- The Washington Times - Saturday, May 20, 2006

BAGHDAD — Iraq’s parliament approved a national unity government today, achieving a goal Washington hopes will reduce violence so U.S. forces can eventually go home.

But as the legislators met, a series of attacks killed at least 27 persons and wounded dozens.

Police also found the bodies of 21 Iraqis who apparently had been kidnapped and tortured by death squads that plague the capital and other areas.

The wounded included two British soldiers whose convoy was hit by a roadside bomb in the southern city of Basra, police said.

In a show of hands, the 275-member parliament approved each of the 39 Cabinet ministers proposed by incoming Prime Minister Nouri al-Maliki. The new Shi’ite Muslim, Sunni Arab and Kurdish ministers then took their oaths of office during the nationally televised session in Baghdad’s heavily fortified Green Zone.

The installation, coming after months of political wrangling following Dec. 15 parliamentary elections, completed a democratic process that began after the overthrow of Saddam Hussein’s regime in the 2003 U.S.-led invasion.

In his first address, Mr. al-Maliki told parliament he would make restoring stability and security the top priority of his new administration. He said he would “work fast” to improve and coordinate Iraqi security forces so they can reduce attacks by insurgent groups and militias.

Mr. al-Maliki also said he would set “an objective timetable to transfer the full security mission to Iraqi forces, ending the mission of the multinational forces.”

But the challenges facing the new government were obvious when Mr. al-Maliki was unable to make a final decision about the top three security posts: defense minister, who oversees the Iraqi army; interior minister, who is responsible for police; and minister for national security.

Mr. al-Maliki, a Shi’ite, said he would be acting interior minister for now, and he made Salam Zikam al-Zubaie, a Sunni Arab, the temporary defense minister. Deputy Prime Minister Barham Saleh, a Kurd, was made acting minister for national security.

Mr. al-Maliki hopes to fill all three posts with politicians who are independent and have no affiliation with any of Iraq’s militias.

It was apparent how tough that will be. Before the Cabinet was approved and inaugurated by parliament, legislators turned down a motion by Sunni Arab leader Saleh al-Mutlaq to postpone the session. Mr. al-Mutlaq then walked out with about 10 other Sunni deputies.

Many of Iraq’s insurgent groups are Sunni-led, and a key goal of the government is to win the support of Sunnis and to recruit as many of them as possible into Iraq’s security forces.

The Bush administration hopes the new national unity government of Shi’ites, Sunnis and Kurds can calm violence and pave the way for beginning the withdrawal of U.S. troops.

In a speech after the inauguration, President Jalal Talabani, a Kurd, predicted that the new government will help his oil-rich country resolve its many problems.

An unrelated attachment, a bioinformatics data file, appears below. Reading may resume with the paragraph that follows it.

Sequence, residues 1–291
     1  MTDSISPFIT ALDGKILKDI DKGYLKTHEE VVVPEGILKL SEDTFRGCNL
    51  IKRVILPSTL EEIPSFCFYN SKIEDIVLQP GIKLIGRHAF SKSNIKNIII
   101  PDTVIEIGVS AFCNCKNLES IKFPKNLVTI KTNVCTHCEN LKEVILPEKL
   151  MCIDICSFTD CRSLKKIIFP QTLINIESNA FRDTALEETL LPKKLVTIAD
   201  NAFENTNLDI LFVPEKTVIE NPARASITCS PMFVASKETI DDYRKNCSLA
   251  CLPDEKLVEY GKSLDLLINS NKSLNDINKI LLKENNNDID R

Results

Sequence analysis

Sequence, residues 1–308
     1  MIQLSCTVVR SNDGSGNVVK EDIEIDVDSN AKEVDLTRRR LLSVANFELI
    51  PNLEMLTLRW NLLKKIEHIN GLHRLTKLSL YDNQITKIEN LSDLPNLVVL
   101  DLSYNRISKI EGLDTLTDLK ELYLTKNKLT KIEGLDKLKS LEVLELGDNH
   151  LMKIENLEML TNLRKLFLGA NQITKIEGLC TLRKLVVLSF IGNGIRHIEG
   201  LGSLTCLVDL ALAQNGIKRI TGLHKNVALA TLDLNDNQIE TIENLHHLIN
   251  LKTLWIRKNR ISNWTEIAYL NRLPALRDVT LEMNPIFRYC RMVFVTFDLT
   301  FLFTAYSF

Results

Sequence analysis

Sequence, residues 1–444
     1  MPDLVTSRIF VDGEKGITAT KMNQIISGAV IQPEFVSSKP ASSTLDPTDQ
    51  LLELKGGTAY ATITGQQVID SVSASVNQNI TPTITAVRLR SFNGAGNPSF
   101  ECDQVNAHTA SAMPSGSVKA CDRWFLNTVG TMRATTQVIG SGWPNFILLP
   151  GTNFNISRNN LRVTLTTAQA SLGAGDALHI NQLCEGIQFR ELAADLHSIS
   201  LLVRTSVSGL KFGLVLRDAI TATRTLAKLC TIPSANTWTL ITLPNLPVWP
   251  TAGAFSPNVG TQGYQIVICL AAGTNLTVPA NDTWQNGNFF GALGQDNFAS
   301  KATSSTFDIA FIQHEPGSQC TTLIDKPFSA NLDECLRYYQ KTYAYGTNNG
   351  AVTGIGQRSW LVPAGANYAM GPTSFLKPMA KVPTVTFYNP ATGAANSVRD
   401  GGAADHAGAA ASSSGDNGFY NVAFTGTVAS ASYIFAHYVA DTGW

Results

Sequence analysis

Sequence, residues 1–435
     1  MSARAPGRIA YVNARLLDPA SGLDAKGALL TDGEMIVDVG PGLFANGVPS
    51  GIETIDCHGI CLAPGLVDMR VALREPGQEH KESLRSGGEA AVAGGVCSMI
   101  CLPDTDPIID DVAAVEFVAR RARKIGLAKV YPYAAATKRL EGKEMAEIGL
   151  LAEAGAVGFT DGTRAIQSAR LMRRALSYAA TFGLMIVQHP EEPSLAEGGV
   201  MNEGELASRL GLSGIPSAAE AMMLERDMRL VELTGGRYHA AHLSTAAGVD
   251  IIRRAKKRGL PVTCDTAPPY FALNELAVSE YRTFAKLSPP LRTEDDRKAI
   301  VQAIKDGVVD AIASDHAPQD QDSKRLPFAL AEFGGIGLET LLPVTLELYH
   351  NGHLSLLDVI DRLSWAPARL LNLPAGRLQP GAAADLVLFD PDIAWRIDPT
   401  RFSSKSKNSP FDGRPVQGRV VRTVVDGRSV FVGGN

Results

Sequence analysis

“It will achieve security, stability, peace and prosperity. Working with our people and our allies, this national unity government will purge Iraq of its evil forces, allowing it to once again become independent and prosperous,” Mr. Talabani said.

The Cabinet includes two women: Human Rights Minister Wijdan Mikaeil, the only Christian chosen, and Women’s Affairs Minister Fatin Abdel-Rahman.

The top ministers include Hussain al-Shahristani, a Shi’ite who will oversee oil; Bayan Jabr, a Shi’ite in charge of the Finance Ministry; Hoshyar Zebari, a Kurd who is foreign minister; and Abed Falah al-Sudani, a Shi’ite heading the trade ministry.

The legislative session began about 1:30 p.m., 2 hours later than planned as Mr. al-Maliki held last-minute meetings with other politicians, apparently to hammer out final agreements on some of the Cabinet posts.

U.S. and Iraqi forces didn’t impose daytime curfews or ban traffic in Baghdad and major cities, as they did during earlier national elections and a constitutional referendum. But security was heavy in the Green Zone and the capital’s airspace was closed to commercial flights at Baghdad’s international airport. The government and U.S. officials declined to say why.

Meanwhile, violence continued across the country.

Suspected insurgents set off a bomb hidden in a paper bag in a Shi’ite district of Baghdad, killing 19 persons and wounding 58, police said. The blast occurred near a food stand in Sadr City where men gather to wait for jobs as day laborers, policeman Maj. Hashim al-Yaser said.

“It was a huge explosion,” said Mohammed Hamid, who works in a bakery in the area. “We carried many of the injured to ambulances and helped remove the bodies.”

Sadr City is the stronghold of radical Shi’ite cleric Muqtada al-Sadr, who operates a powerful militia, one of many that exist in the capital outside the control of the government. Mr. al-Maliki hopes to disband such militias and integrate them into the country’s military and police.

In the western border town of Qaim, a suicide car bomber killed at least five persons and wounded 10 in an attack on a police station, said the head of the local hospital, Hamdi al-Alousi. He did not have any details about the attack.

In the northern city of Mosul, a suicide bomber apparently trying to target a U.S. military convoy instead killed three Iraqi civilians, police Brig. Abdul-Hamid al-Jibouri said.

Police found the bodies of 21 persons who apparently had been kidnapped and tortured, six in Baghdad and 15 in Musayyib, about 40 miles south of the capital. All appeared to be victims of death squads that have killed hundreds in sectarian violence, personal vendettas and kidnappings for ransom.

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